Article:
My world was becoming smaller and smaller, and I began to dread waking up so early in the morning to make those long trips to sit in a smoky visiting room from 9 a.m. to 2 p.m. to visit a brother no longer familiar.

Moochie sensed that distance as well and asked me during a visit why I was so quiet, how being quiet was not cute. By that time he was confident and loud and boisterous in proclaiming all the things he had learned from reading books we’d never heard of.

“I talk when I got something to say,’’ I told him, the stutter no match in that moment for my anger at Moochie’s question.

He smiled, as did my parents and brothers and sisters, who were all shocked to hear such definitive words from my 12-year-old lips.

To me, they were just words, just enough to stay off stage.

Jailed by stuttering

Moochie avoided the stage as well, never discussing that night Mr. Bunch was stabbed 48 times and his store was burned to the ground. Or was it 52 stab wounds and a burned car? Or a burned house?

As a family, we found the strength to discuss that topic only on rare occasions.

Mom barely got to the courtroom on time the morning Moochie changed his plea to guilty, just in time to hear the sentence and to hear Moochie tell her he was doing it for us.

That’s how we got used to used to seeing him in prison but took looking to understand the man he was becoming.

His demeanor morphed from one of boyish awareness and skepticism, to spiritual seeker, to withdrawn man still desperate to remain part of the family. He changed into conspiracy theorist to battle-worn warrior, and protector of the family, a family he could only hope to see a few times a year. Moochie had a new place in this world, and it wasn’t only in South Carolina prisons.

I had a place, too, which had no bars, no small toilet and gray floors, no guards and metal detectors, no brick or barbed wire fences. My place was dim and cold, but eerily comfortable. My stuttering led me there. Told me it was where I belonged.

There, I never stuttered, was never laughed at or judged too dumb to speak. Never once cried there, though my heart remained tear-stained.

My place was the bathroom and in the back corner of classrooms and in the tale of a Connecticut Yankee in some king’s court; it was away from mirrors and long conversations.

It had only one invited guest, demanded me to be the center of attention. Only there was no one to pay attention, no one to hear how beautifully, and smoothly, words flowed from my mouth. No one to hear me say all those things that had me wanting to speak fluently.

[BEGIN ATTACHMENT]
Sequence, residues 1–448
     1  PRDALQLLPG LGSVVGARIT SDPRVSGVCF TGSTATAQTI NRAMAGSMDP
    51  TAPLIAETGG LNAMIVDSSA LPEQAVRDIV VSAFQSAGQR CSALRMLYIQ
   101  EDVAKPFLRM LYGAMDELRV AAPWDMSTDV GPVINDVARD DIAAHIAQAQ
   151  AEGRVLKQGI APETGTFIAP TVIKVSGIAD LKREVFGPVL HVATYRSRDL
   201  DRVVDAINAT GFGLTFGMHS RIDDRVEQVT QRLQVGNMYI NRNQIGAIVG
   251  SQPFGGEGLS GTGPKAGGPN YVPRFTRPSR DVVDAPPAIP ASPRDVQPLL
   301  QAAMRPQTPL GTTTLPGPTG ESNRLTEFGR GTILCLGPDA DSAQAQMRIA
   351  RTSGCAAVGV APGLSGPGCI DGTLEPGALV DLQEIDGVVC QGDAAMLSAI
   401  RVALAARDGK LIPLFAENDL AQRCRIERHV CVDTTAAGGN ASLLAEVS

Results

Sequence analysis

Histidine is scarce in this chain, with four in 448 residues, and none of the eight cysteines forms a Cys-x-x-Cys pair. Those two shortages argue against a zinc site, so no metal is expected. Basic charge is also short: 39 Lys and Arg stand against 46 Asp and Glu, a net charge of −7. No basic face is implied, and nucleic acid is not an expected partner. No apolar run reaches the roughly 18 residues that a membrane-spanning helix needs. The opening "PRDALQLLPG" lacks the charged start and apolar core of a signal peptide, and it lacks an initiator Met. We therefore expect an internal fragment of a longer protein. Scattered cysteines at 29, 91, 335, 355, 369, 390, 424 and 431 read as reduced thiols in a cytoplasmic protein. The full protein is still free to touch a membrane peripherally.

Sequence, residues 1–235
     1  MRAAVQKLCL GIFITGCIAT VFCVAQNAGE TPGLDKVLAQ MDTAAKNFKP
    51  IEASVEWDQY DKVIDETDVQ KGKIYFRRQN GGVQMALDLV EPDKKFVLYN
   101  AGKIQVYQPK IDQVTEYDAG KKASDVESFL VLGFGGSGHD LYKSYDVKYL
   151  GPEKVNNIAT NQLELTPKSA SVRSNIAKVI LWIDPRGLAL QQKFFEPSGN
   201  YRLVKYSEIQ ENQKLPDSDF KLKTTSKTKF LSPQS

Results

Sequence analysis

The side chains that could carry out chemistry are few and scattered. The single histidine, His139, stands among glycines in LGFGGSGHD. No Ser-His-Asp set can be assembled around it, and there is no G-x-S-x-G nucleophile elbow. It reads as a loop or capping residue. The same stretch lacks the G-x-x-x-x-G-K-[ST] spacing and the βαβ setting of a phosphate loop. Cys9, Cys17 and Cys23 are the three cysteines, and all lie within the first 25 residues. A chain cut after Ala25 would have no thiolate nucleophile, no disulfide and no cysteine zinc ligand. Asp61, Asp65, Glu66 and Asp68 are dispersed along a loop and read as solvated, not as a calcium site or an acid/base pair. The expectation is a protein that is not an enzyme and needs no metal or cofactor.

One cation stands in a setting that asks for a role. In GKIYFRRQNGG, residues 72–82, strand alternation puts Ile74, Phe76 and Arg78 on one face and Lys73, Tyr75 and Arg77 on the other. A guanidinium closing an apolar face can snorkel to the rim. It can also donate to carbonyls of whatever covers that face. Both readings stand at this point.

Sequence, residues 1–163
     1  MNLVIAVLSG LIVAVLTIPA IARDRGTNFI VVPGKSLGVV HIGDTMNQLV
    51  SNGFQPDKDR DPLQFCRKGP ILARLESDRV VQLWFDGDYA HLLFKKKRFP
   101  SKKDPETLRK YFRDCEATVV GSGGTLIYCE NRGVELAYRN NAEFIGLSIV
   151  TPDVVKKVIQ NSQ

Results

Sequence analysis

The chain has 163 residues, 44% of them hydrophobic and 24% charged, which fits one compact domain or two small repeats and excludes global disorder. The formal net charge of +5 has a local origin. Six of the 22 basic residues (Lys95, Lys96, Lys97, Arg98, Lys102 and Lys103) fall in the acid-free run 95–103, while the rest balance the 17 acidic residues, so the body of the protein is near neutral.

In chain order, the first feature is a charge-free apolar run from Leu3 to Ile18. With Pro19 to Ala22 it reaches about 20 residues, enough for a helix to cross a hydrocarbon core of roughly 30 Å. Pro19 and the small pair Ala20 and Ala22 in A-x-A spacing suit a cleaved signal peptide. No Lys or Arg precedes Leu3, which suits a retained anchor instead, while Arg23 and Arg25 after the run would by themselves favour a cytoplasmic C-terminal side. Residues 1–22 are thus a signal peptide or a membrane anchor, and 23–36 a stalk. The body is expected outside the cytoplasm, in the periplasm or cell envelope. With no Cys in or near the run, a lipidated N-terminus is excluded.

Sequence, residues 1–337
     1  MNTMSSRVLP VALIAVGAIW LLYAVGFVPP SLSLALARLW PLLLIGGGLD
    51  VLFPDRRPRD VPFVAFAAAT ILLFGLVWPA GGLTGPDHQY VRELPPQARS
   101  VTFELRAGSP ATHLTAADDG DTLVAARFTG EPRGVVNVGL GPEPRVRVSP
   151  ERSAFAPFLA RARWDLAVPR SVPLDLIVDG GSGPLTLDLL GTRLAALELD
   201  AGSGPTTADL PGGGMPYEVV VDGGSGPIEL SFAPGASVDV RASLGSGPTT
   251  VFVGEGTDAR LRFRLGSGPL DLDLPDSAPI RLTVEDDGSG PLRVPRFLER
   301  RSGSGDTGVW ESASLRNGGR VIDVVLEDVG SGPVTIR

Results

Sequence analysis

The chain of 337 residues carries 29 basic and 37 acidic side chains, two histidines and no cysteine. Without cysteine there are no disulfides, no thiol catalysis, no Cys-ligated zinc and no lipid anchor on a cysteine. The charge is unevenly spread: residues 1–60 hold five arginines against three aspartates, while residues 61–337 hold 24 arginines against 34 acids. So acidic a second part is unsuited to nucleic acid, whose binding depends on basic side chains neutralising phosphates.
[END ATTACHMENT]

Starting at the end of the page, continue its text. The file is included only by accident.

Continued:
“Listen to me,’’ I’d demand from upon my stage in front of my invisible audience. “Listen to me. I’m here, and I can talk. Talk like you and feel like you.’’

No one was invited to my place to hear my sighs of pain and pleas for help. No one to hear how my day at school went or how cool Michael Jackson seemed or the Dallas Cowboys were. No one to hear me sing along with “New Edition,” dance with George Jefferson.

My place was crowded by silence, decorated with darkness. It had no walls, no bars, but held me captive nonetheless.

I wanted to leave it but couldn’t find my way free, and wanted Moochie to leave his so he could free me, protect me from the bullies that showed up too often, so he could jog with me, be free with me, talk to me.

My place became the only place to hide, the only place to pretend being free.

Stuttering often rested along side me in that place. Balled itself up into a corner and watched me play act, watched me be proud. There, in that place, it was my stage, my play again, and all he could do was watch, couldn’t make me cry or scared or run or hide. But he was there always.

All other times and in all other places, stuttering told me what to do, how to think, how to feel. But there, in my place, which wasn’t a place really, I was me, the person longing to breathe free air.

Stuttering had a pit bull’s grip on my life. Not in that place, a place I’d visit often, a place I hated having to retreat. Every time someone laughed, I found my way back there.

After the park, my place was in the bathroom.

Other times it was in front of the television when no one else was watching. And on the basketball court, shooting three-pointers alone. And in the multiplication table. Comfort from the struggle that was stuttering was to be had there, and I had to have comfort.

Moochie found comfort in Jah, and his dreadlocks. He found comfort in seeing our faces in those unfriendly, cold visiting rooms, found it in the letters we wrote, the words we said when he called collect from prison, found it in the books he read that whisked him away to an Africa he had never known.

He would ask us to visit more, even as our visits became less frequent and predictable, asking us to write when our hands had become too lazy. It was a few years before he seemed to have adjusted to a life he didn’t want, but couldn’t escape.

My adjustment didn’t take as long. In the world, stuttering was in control.

In my place — my bar-less, windowless prison — there was no stuttering.

If only it was real.

Contact ISSAC BAILEY at ibailey@thesunnews.com or on Twitter @TSN_IssacBailey.